Nationally, the first National Hunting and Fishing Day (NHFD) was celebrated on September 23, 1972 by more than 3,000 organizations and several million people. In subsequent years, the fourth Saturday of September has been the traditional NHFD, and the number of participants has increased significantly. Early in the history of the United States, anglers and hunters initiated small to large-scale conservation programs. And, most of the programs have continued in one form of another to the present. Hunters and fishermen have contributed more than 22 billion dollars and billions of hours of volunteer time to protect and enhance our woods and waters. They know that well managed fish and wildlife programs are essential to the sports that they love. Their involvement financially, politically and physically in these programs have made a significant contribution to the quantity and quality of outdoor theaters.
Federal Aid in wildlife restoration funds may be used for: research in problems affecting wildlife, improvements and acquisitions of wildlife habitat, wildlife population surveys, hunter education programs, reintroduction of wildlife species, technical assistance to land owners, management of wildlife areas, construction of shooting ranges, construction of facilities to enhance wildlife or public enjoyment and communicating results of research and management activities to the public. In Connecticut, sportsmen's hunting and fishing licenses permit fees and excise taxes on equipment contribute more than $6 million annually to the conservation and management of our fisheries and wildlife resources. Our state has populations of black bear, moose, bobcat, fisher, wild turkey, pike, walleye and trout to name a few species.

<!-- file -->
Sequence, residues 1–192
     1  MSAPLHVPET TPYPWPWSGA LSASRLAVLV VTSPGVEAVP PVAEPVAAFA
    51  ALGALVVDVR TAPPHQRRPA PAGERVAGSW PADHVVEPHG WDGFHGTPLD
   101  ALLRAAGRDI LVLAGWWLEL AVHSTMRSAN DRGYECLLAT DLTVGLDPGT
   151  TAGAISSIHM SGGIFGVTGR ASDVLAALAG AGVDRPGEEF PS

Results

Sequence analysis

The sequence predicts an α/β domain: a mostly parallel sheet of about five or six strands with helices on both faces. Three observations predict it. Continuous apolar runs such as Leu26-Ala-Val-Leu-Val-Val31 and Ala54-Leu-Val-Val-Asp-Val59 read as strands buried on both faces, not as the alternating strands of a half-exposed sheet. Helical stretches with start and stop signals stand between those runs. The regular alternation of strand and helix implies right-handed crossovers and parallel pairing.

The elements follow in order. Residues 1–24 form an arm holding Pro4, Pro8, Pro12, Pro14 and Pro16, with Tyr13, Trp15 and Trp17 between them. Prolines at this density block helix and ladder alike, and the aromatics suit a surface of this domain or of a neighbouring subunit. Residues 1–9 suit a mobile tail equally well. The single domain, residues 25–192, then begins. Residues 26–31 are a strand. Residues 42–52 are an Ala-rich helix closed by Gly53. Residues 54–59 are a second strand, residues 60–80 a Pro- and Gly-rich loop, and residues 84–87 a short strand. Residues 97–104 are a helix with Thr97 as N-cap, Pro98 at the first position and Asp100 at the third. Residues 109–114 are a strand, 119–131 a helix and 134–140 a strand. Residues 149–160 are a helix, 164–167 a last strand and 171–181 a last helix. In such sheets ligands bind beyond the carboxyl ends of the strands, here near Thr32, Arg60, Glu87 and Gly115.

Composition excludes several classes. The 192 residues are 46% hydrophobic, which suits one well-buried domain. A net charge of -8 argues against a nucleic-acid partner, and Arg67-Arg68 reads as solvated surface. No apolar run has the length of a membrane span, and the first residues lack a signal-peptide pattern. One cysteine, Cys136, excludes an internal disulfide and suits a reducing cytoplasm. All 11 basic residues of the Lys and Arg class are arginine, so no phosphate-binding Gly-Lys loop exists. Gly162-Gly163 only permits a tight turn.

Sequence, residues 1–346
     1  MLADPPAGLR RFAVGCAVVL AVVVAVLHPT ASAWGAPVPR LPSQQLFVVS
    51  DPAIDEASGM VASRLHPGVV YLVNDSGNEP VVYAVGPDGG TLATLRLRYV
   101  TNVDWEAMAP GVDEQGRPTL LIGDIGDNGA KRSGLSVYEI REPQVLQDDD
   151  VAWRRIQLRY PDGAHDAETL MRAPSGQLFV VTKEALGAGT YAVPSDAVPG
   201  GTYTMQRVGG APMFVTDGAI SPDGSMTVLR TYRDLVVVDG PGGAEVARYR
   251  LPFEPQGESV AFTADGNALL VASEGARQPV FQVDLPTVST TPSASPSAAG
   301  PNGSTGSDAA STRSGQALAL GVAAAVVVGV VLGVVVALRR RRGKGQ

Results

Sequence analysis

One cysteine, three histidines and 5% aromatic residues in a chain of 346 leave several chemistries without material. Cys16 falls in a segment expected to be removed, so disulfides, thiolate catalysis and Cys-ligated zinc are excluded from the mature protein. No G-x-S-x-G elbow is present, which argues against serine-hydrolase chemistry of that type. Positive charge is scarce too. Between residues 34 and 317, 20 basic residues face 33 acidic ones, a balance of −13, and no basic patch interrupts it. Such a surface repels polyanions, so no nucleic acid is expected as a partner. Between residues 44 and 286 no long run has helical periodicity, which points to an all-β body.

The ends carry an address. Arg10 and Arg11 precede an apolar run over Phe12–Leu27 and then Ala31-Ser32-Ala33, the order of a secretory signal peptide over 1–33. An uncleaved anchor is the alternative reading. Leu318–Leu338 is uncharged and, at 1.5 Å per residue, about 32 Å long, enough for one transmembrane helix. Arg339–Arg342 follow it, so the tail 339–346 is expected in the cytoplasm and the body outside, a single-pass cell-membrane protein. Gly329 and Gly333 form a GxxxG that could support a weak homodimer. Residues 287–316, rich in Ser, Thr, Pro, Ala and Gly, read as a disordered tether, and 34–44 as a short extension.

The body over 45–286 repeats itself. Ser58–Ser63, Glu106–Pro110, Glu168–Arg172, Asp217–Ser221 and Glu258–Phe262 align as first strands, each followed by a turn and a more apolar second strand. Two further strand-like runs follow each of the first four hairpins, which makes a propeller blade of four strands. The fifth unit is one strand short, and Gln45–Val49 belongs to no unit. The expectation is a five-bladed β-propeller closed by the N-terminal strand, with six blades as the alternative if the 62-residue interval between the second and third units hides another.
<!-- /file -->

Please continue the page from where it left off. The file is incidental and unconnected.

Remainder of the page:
Some Wildlife Facts – In 1900, less than one million white-tailed deer remained in the nation. Today conservation programs have helped the deer population to grow to about 30 million. In 1901, there were only a few ducks. Now there are more than 31 million in the United States and Canada. The wild turkey population in the early 1900’s was around 100,000. Conservation programs have restored and increased the population to more than 7 million. And that’s only three examples of the great successes nationally.
Nationally: Sportsman contribute about $1.7 billion annually; hunters and shooters have paid more than four billion dollars in excise taxes since 1939; hunting in America generates more than one million jobs in the United States; for more than 80 years, sportsman have paid more than $7.8 billion for on-the-ground projects in every state that protects our natural environment and fish and wildlife. But the true worth of outdoor sports is not the money or jobs, its the extensive and diverse enjoyment that millions of people from all walks of life receive while spending time in outdoor theaters -- woods, fields and waters.
Note: In Western Connecticut, angling/conservation organizations have worked for many years to protect and enhance their home rivers and tributaries. They include: Trout Unlimited (Naugatuck River), Housatonic Fly Fisherman’s Association (Housatonic River) and Farmington River Anglers Association (Farmington River).
What have you done recently to protect and enhance your home rivers and their tributaries?
TROUT - WINTER 2000 - THE JOURNAL OF COLDWATER FISHERIES CONSERVATION
Free Membership for Women
Expanding TU's Membership Base.
And speaking of new members, do you know any women who enjoy our sport, conservation or both? Well, TU is interested in attracting more women to the organization and for a limited time is offering women free memberships.
Please feel free to share this information with any women anglers or conservationists you might now. Let's all work to expand our influence.